Las Vegas Sands Corp CEO Rob Goldstein has reiterated his interest in potentially expanding their operations in Asia, other parts of the U.S. and digitally, using the proceeds from their recent Las Vegas property sale.
During the J.P. Morgan Gaming, Lodging, Restaurant and Leisure Management Access Forum 2021, Goldstein explained the reasonings behind selling their properties in Las Vegas.
“Las Vegas is a small part of our business. 90 percent plus of our EBITDA resides in Asia.”
Goldstein said the company felt that holding the assets in Vegas would freeze up capital in a market they felt would be a lot tougher to grow EBITDA.
Turning to Asia, the chief executive was particularly optimistic about Macau and Singapore.
“I believe the Macau government as part of its license renewal process will come to us and ask us to spend large capital dollars to grow our business. And we’re delighted to spend as much as they want.”
Goldstein noted that the Londoner is now close to completion.
“We believe Macau is a big growth market for us… we’d love to deploy more capital in that market.
In Singapore, Goldstein held similar optimism, stemming from their contract with the government to expand its business there. “That’s a two billion dollar plus and growing market.”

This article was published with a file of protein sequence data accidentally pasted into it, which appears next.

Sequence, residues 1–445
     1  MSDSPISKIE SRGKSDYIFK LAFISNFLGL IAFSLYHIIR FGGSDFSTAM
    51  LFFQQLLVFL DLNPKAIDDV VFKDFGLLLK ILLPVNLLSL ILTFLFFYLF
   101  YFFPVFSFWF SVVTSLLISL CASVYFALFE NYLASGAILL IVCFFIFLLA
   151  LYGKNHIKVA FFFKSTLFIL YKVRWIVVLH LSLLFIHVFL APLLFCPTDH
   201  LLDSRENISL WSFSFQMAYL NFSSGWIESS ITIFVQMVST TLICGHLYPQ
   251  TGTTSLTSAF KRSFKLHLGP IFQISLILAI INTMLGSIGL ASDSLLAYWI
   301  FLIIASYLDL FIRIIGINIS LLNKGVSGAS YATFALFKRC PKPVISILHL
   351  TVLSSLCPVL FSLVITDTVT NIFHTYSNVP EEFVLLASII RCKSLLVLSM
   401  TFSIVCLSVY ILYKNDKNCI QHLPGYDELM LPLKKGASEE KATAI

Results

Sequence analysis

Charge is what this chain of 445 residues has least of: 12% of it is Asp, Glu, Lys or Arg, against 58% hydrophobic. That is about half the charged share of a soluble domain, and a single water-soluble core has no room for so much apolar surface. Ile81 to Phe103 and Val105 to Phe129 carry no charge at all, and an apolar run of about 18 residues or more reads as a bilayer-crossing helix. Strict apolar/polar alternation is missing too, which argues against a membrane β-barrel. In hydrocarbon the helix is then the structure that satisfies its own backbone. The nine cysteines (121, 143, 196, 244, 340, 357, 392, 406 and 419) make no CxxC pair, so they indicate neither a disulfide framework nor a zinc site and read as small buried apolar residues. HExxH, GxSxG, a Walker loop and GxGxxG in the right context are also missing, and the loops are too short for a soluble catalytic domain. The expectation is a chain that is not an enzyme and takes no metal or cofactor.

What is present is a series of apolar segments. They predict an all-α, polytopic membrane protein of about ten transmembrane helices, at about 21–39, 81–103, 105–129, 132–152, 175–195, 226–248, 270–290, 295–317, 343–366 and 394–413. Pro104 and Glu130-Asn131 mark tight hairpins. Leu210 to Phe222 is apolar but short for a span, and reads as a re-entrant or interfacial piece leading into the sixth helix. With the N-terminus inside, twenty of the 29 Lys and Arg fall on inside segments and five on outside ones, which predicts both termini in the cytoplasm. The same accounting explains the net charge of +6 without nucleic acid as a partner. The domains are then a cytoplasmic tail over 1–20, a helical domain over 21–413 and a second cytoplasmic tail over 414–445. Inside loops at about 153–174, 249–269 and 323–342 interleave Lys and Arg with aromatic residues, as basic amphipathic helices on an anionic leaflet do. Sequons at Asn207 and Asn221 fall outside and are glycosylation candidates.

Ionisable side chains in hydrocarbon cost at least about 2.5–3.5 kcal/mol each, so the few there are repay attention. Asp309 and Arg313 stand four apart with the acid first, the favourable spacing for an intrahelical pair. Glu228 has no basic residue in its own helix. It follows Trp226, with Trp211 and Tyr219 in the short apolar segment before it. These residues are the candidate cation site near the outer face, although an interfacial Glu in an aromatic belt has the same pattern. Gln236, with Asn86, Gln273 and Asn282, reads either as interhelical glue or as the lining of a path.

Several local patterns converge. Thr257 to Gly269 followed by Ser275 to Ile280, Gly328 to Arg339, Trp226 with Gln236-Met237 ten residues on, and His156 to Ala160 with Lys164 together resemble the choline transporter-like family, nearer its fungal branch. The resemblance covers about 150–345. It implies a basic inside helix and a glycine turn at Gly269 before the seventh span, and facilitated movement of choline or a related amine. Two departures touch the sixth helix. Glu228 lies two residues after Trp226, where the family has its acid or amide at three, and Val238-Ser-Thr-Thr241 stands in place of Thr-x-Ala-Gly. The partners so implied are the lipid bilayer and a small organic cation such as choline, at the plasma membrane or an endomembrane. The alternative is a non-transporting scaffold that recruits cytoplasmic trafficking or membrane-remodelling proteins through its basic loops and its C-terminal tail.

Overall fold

Outside of those two markets, Goldstein said the company will be on the lookout for “other” markets in Asia but did not specify where they were looking. The company made the decision to pull out of the IR race in Japan last year.
“As much as we’re fond of Las Vegas, that’s close to our hearts, the ability to redeploy capital at a much higher return is hard to turn down. It gives us a ridiculous balance sheet, far beyond what we got pre-pandemic and the ability to look also to perhaps New York, Texas, Asia.”
Finally, Goldstein reiterated the company’s interest in expanding on the digital gaming front, however, said they will take a cautious and calculated approach to enter the market.
When asked whether the sale of its Las Vegas properties was partially influenced by Macau’s concession renewal process – as the company would have less of a US presence, Goldstein denied it having anything to do with the decision.
“We didn’t sell with that intent, it was not our goal… We have spent a lot of time in Macau and have done it very thoughtfully…. We have full confidence in our Macau licenses and I think we will be in Macau for many decades to come.”
“This idea that we did it to free up from the U.S., or someone wrote that we did it so we can proceed without regulatory scrutiny, that’s not true. We are a U.S. company, we pay taxes here, we reside here. We’re going to be the same high regulated, very, very careful company we’ve always been. It wasn’t done to make the Chinese government say, Gee Whiz.”